Getting Started With Ansible And PowerCLI

Continuing on my journey of learning Ansible with a twist of VMware (see my previous post on Getting started with Ansible and VMware).  I’ve started to play around with PowerShell Core and PowerCLI in Ansible.  What I’ve found is that you can do a lot of interesting things with PowerCLI in Ansible, removing the need for a Windows jumphost.

Now I think the magic here is really just using PowerShell Core with Ansible.  However, I wanted to tackle this once again from the VMware admin view point.  So I’m focusing on using Ansible to leverage PowerCLI to connect to vCenter server and to perform some PowerShell / PowerCLI actions, all running from the local Ansible host.

As with my previous post, this is not really an Ansible 101 guide.  Rather the goal here is to show you, the reader, what’s possible with PowerShell Core and PowerCLI using Ansible.  Getting you thinking about how you might leverage this in your environment.

So let’s lay the framework of what we’ll cover below.  I’m going to assume Ansible has already been installed.  I’ll go through the steps to install PowerShell Core onto the Ansible host.  Then install the VMware PowerCLI modules and run some basic Cmdlets.  Finally I’ll cover the more interesting Ansible integration part.

In my lab I’m using Ubuntu.  So everything I’m going to do will be based on this distro.  So let’s get started.

Installing PowerShell

Install PowerShell Core with the following command.  Depending on your Linux distro and version you may have to set an updated MS repo.

sudo apt-get install -y powershell

Next sudo into PowerShell.  We use sudo because the next few commands we run in PowerShell will need elevated privileges.

sudo pwsh

Install the VMware PowerCLI modules with the first command below.  Then change your PowerCLI settings to ignore self signed certificates.  If you have signed certs you can skip this step but most of us probably don’t.

PS /home/mukotic/> Install-Module vmware.powercli

PS /home/mukotic/> Set-PowerCLIConfiguration -InvalidCertificateAction Ignore -Scope AllUsers

At this point you can exit out of the PowerShell prompt and come back in without using sudo, or just keep going as is, the choice is yours.  We can now make our first connection to our VCSA host and if successful run a few basic PowerCLI Cmdlets like Get-VMHost.

PS /home/mukotic/> Connect-VIServer {vcsa_server}

PS /home/mukotic/> Get-VMHost

Creating the PowerShell Script

Assuming all is successful up to this point we can now turn the above commands into a PowerShell script called vcsa_test.ps1.  It’s not ideal but for the sake of demonstration purposes I put the username and password details into the script.  I like to pipe the vCenter connection to Out-Null to avoid any stdout data polluting my output results.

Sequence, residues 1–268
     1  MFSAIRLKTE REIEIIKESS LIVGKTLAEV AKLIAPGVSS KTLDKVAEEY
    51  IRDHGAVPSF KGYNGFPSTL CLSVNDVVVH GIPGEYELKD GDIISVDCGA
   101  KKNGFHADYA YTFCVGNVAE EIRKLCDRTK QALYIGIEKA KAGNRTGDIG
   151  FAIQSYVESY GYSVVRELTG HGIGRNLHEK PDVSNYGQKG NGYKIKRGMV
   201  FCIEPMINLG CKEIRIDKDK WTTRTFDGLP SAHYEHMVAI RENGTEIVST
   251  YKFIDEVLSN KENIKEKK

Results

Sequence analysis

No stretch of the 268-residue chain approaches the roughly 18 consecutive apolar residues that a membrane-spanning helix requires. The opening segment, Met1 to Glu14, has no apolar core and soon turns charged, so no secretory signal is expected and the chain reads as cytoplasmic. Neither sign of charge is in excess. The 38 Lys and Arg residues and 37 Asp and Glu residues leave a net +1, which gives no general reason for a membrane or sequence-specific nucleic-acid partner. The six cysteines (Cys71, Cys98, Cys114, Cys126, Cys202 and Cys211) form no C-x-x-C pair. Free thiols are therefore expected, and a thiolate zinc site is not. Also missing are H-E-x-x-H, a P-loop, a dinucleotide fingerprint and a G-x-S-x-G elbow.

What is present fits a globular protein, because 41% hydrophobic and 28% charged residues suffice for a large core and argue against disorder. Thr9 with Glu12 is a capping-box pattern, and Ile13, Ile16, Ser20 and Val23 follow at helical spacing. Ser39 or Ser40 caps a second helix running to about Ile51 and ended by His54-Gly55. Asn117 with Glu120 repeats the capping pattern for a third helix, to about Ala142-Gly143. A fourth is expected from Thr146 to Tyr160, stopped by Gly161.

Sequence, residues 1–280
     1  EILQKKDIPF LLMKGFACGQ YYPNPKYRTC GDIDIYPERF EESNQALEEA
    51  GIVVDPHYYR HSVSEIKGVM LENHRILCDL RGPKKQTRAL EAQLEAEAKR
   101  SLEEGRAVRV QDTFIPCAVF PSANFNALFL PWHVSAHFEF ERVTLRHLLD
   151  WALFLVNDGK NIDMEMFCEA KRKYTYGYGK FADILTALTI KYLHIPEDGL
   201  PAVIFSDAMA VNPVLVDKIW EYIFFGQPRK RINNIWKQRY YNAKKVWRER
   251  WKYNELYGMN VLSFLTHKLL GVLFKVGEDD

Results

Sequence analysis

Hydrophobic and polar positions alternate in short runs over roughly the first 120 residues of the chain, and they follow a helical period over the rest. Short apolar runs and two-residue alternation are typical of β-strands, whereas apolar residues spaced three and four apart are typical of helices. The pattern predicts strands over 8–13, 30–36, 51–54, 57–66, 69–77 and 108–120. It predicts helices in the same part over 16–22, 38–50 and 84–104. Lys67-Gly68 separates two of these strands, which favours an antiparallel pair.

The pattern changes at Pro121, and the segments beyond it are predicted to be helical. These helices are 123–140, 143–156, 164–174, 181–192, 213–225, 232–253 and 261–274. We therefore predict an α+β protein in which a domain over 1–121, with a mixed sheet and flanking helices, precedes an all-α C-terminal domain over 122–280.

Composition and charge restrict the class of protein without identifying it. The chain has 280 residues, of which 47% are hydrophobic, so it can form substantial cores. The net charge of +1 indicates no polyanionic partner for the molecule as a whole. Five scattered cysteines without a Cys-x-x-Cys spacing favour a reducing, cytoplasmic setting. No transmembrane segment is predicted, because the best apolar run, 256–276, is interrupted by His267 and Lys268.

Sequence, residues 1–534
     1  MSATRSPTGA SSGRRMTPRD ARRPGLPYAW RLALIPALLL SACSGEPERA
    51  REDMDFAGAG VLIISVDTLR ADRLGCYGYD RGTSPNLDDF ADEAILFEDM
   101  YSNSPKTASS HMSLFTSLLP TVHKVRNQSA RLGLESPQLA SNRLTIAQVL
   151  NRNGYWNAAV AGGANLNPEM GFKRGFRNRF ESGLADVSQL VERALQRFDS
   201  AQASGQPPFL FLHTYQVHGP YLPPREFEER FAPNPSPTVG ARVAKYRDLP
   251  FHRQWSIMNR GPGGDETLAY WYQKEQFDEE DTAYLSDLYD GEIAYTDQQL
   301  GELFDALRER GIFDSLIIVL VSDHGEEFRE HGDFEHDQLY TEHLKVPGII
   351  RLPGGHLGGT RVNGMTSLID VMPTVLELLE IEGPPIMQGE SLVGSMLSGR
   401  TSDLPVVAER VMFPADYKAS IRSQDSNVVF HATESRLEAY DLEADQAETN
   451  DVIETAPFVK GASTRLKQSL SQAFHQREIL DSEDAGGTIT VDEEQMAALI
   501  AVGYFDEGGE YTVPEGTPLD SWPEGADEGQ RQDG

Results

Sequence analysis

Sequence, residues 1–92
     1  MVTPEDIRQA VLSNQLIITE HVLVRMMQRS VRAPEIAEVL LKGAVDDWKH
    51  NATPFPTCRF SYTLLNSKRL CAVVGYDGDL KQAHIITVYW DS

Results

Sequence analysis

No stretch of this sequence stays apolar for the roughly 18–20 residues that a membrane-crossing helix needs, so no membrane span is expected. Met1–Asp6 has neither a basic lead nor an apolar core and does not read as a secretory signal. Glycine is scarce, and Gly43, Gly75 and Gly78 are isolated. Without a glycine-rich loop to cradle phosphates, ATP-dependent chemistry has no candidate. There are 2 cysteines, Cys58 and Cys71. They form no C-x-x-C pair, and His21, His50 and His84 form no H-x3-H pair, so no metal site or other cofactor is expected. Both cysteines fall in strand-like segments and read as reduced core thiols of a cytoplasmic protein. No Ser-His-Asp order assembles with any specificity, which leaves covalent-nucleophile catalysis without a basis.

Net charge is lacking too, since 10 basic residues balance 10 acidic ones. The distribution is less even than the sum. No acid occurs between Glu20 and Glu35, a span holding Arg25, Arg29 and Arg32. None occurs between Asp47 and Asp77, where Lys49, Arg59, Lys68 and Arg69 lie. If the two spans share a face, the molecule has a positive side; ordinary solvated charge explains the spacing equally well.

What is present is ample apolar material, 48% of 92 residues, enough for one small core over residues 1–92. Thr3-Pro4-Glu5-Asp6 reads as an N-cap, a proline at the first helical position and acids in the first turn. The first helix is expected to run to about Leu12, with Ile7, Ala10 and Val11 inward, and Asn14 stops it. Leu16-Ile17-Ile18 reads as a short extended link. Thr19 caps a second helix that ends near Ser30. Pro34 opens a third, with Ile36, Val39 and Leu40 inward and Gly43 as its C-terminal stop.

Connect-VIServer -Server vc01.ukoticland.local -User {vcsa_user} -Password {vcsa_pass} | Out-Null
$result = Get-VMHost | Select-Object -ExcludeProperty ExtensionData | ConvertTo-Json -Depth 1
$result | Out-File -FilePath vmhost.json

Creating the Ansible Playbook

We can now create an Ansible Playbook that will call our PowerShell script.  Exit out of the PowerShell prompt and using vi, nano, or another editor create a file called vcsa_test.yml and enter the below.  The only real important line is the one with ‘command’.  Remember that spacing is important in the yaml file.

---
- hosts: localhost

  tasks:
    - name: Run PowerShell Core script
      command: pwsh /home/mukotic/vcsa_test.ps1
      ignore_errors: yes
      changed_when: false
      register: powershell_output

Now try running the Ansible Playbook we just created and check if it runs.

ansible-playbook vcsa_test.yml

Again if all successful the results should look something similar to below.

PLAY [localhost] ****************************************************************************************************************************************************

TASK [Gathering Facts] *******************************************************************************************************************************************
ok: [10.10.10.10]

TASK [Run PowerShell Core script] ********************************************************************************************************************************
ok: [10.10.10.10]

PLAY RECAP *******************************************************************************************************************************************************
10.10.10.10 : ok=2 changed=0 unreachable=0 failed=0

Finally we check if our ouput file created correctly.

cat vmhost.json

[
{
“State”: 0,
“ConnectionState”: 0,
“PowerState”: 1,
“VMSwapfileDatastoreId”: null,



“DatastoreIdList”: “Datastore-datastore-780 Datastore-datastore-529 Datastore-datastore-530”
}
]

What we covered above are just some of the fundamentals to running a PowerShell Core script on an Ansible host.  There are still a lot of improvements that can be made.  The most obvious is we can move our username and password details out of the main PowerShell script.  We could also take the json output and pass it into the Ansible Playbook to read the values for later use in our plays.  But most importantly we can now start to make advanced configuration changes in vSphere where Ansible modules don’t exist.

References

Installing PowerShell Core on Linux -- MS

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